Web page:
Have you noticed the numbers engraved on the bottom of plastic bottles? You can also find them on detergents and other similar products. Do you know what they mean?
Actually, they are symbols that determine the type of plastic to determine how it is recycled.
All plastic containers are coded with a number inside a triangle formed with arrows which is the international symbol for recycling, and they vary.
How to recycle a plastic bottle?
The first thing you have to do is to rinse and clean the bottle of whatever it has inside.
Then you have to remove any paper or plastic stuck to the bottle.
Separate the cap and thread, if it has one, from the bottle.
Crush the bottle to remove as much air as possible.
At several recycling points, the caps go in a different container than the bottles. Look at the classification of the recycling centers to know where to deposit each plastic.
1. PET or PETE (Polyethylene terephthalate)
This is the typical plastic used in food and beverage containers, thanks to the fact that it is light, inexpensive, and recyclable. Once recycled, PET can be used in furniture, carpets, textile fibers, car parts, and, occasionally, in new food packaging.
2. HDPE (High-Density Polyethylene)
Thanks to its versatility and chemical resistance, it is mainly used in packaging, household cleaning products, or industrial chemicals, such as bottles of shampoo, detergent, chlorine, etc. It is also used in milk, juice, yogurt, water, garbage, and supermarket bags.
3. V or PVC (Vinyl or Polyvinyl Chloride)
It is also very resistant, so it is widely used in window cleaners, detergent bottles, shampoo, oils and hoses, medical equipment, windows, drainage pipes, construction materials, cable sheathing, etc.
4. LDPE (Low-Density Polyethylene)
This strong, flexible, and transparent plastic can be found in some very diverse bottles and bags (shopping or frozen food, bread, etc.), some furniture, and carpets, among others.
5. PP (Polypropylene)
Its high melting point allows containers capable of holding liquids and hot food. It is used in the manufacture of medical containers, yogurts, straws, ketchup bottles, lids, some kitchen containers, etc.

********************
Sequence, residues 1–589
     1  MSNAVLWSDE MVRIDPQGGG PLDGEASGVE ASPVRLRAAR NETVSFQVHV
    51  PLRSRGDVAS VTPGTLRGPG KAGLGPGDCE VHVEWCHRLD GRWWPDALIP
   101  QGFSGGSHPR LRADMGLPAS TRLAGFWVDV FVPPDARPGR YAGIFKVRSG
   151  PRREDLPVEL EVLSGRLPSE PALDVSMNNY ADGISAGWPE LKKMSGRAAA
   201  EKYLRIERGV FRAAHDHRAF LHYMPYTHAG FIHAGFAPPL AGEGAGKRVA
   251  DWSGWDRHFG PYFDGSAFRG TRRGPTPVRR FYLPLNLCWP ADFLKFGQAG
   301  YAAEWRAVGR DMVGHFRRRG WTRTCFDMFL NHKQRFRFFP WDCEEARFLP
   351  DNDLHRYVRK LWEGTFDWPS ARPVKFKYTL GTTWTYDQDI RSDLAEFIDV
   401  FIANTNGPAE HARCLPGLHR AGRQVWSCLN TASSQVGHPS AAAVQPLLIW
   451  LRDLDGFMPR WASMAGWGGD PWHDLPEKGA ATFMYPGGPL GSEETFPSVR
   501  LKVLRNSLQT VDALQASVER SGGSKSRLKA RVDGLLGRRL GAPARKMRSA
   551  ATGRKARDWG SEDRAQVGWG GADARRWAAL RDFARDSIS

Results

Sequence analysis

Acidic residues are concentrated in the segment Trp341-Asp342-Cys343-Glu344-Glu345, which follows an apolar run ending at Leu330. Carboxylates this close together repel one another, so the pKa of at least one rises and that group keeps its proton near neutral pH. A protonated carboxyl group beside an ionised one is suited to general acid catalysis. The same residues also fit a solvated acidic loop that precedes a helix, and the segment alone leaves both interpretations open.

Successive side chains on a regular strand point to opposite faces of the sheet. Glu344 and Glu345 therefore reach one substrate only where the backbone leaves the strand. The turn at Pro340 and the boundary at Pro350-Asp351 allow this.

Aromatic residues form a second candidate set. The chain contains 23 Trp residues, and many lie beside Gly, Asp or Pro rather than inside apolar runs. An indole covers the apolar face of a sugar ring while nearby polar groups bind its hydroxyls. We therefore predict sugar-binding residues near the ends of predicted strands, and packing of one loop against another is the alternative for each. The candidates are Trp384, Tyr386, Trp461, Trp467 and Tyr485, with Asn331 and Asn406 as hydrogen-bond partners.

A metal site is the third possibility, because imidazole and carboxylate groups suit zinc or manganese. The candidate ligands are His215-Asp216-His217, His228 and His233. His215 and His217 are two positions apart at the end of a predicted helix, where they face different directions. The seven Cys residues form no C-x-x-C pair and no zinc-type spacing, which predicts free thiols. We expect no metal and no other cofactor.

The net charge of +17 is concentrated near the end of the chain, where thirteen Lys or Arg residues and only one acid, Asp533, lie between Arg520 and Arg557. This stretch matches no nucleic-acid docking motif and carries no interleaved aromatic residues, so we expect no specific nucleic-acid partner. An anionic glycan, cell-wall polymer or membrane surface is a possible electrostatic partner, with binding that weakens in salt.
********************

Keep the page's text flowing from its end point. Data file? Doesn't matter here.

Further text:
6. PS (Polystyrene)
Used in disposable plates and cups, egg cups, meat trays, aspirin containers, CD cases, etc. Its low melting point allows it to melt in contact with heat.
This includes a wide variety of plastics that are very difficult to recycle. These materials are used to make some types of water bottles, bullet-proof materials, DVDs, sunglasses, MP3 players and PCs, certain food packaging, etc.
Although it is explicit in each container, we are not aware of the damage we are causing, for example, to our planet with marine pollution, leading to the obstruction of the digestive tract of large marine animals.
Or even worse to our own health, being plastic is the major precursor of cancer, a hormone disruptor, an accelerator of mental illnesses such as Parkinson’s, Alzheimer’s, and Depression, and many more problems. It is time to generate responsible consumption habits that will allow us to ensure a future for generations to come.
Which plastic bottles can be reused?
A widespread custom is to reuse plastic water bottles. Whether for recycling, for saving money, or for practicality, the truth is that many of us use these bottles. And around this habit, there are many stories about the dangers of reusing plastic bottles. And doubts arise, is it possible or not?
It is possible depending on the material they are made of. Because although everything is plastic, it can come from different sources. And how can I know? It is very simple; in each bottle, there is a drawing of a triangle of arrows with a number inside. That number is not the number of times it can be reused or refilled, as many people think, but indicates the material from which the container is made. What types of materials are there?